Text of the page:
Optus warns decryption bill contains 'unfettered' power

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Optus warns decryption bill contains 'unfettered' power

Can change terms of voluntary cooperation agreements on-the-fly.

Optus has issued a blunt warning about “unfettered” power that proposed decryption laws could hand authorities to unilaterally change or revoke voluntary cooperation agreements without consultation.

In a submission [pdf] to the Department of Home Affairs, Optus largely avoids the wider issues that the decryption bill raises.

These, it says, are “ultimately a matter for Government to find the right balance between … the extension of the power of the state over the individual; the associated tension with privacy principles and civil liberties; and the utility of the access to communications for law enforcement and national security agencies”.

However, Optus was unhappy with aspects of the bill including a lack of consultation with the subject of a request or notice.

It wants mandatory consultation to be included at all stages to prevent agencies from going overboard, particularly in specifying what may or may not be technically feasible.

Optus is also concerned that law enforcement is afforded too much discretionary power, particularly when it comes to the voluntary “technical assistance requests” that can be served.

“If the power of the authorised person to vary a technical assistance request is unfettered, then a service provider is faced with the risk that a variation can be made without prior consultation, leaving it with a commitment to provide assistance it may not have agreed to in the first instance and that it does not have the capability to perform,” Optus said.

It said the unannounced variation could be costly, technically complex or impossible, or break the functioning of Optus’ network.

“Any one of these factors could alter the balance of the service provider’s original decision to enter into a voluntary agreement and could, in fact, place the service provider in the difficult circumstance of having to meet agreed or contracted commitments which have been unilaterally varied,” it said.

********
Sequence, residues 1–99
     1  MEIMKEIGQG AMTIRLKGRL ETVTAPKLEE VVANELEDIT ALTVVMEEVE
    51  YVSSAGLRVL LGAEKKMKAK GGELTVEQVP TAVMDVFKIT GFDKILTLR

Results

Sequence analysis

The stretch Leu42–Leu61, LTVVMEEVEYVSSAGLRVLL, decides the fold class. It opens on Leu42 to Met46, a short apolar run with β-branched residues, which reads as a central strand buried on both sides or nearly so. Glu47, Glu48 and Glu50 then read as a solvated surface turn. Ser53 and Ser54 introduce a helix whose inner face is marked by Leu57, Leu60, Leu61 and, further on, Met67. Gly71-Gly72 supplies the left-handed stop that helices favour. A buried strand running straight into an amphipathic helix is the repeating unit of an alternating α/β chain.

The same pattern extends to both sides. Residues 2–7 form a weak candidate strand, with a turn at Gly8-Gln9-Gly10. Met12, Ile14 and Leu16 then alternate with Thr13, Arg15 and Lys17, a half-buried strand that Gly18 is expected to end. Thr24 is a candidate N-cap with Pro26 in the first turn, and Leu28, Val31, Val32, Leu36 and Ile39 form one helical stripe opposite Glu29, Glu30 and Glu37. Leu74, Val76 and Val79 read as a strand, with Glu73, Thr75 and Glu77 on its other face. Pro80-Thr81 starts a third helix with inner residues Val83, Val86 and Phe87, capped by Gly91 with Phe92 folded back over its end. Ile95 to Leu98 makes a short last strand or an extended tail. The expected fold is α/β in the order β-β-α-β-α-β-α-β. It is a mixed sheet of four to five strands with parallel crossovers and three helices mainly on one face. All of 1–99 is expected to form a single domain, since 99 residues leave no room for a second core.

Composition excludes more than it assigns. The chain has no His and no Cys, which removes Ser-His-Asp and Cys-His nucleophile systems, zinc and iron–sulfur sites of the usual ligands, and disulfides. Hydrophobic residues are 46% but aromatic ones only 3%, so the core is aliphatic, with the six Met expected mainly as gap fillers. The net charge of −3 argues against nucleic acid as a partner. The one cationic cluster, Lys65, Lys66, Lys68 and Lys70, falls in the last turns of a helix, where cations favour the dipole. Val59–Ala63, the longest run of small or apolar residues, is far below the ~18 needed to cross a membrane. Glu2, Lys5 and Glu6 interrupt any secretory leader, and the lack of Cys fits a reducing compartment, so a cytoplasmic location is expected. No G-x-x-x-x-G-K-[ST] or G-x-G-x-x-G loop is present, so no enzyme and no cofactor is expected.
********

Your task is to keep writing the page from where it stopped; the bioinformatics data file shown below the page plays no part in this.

Similar powers exist for the authorities to unilaterally revoke a request, again without consulting the service provider or other party affected by it.

Optus said it also wants the government to come up with a standard form of contract that can be used in all agreements made under the laws (assuming they pass).

Importantly, Optus said it did not want to provide voluntary assistance “in advance of commercial contracting arrangements being agreed and settled”.

It is unclear in the legislation when a telco that struck a voluntary agreement would have to begin implementing it.

Expense and distraction

Optus warned that compliance with the decryption laws was likely to be an expensive and time-consuming proposition for telcos.

The costs of maintaining its existing internal law enforcement liaison unit were already “substantial”, without the significant imposition of the proposed decryption laws.

Optus also warned that its forward plans could be thrown into disarray by the decryption laws, if passed.

“Optus already has major commercial, IT and network programs in flight and which are scheduled for implementation over the next three years,” it said.

“In practical terms, the assistance regime may disrupt these plans.

“Optus will need to stand prepared to initiate significant scoping and compliance programs in response to this assistance regime.”

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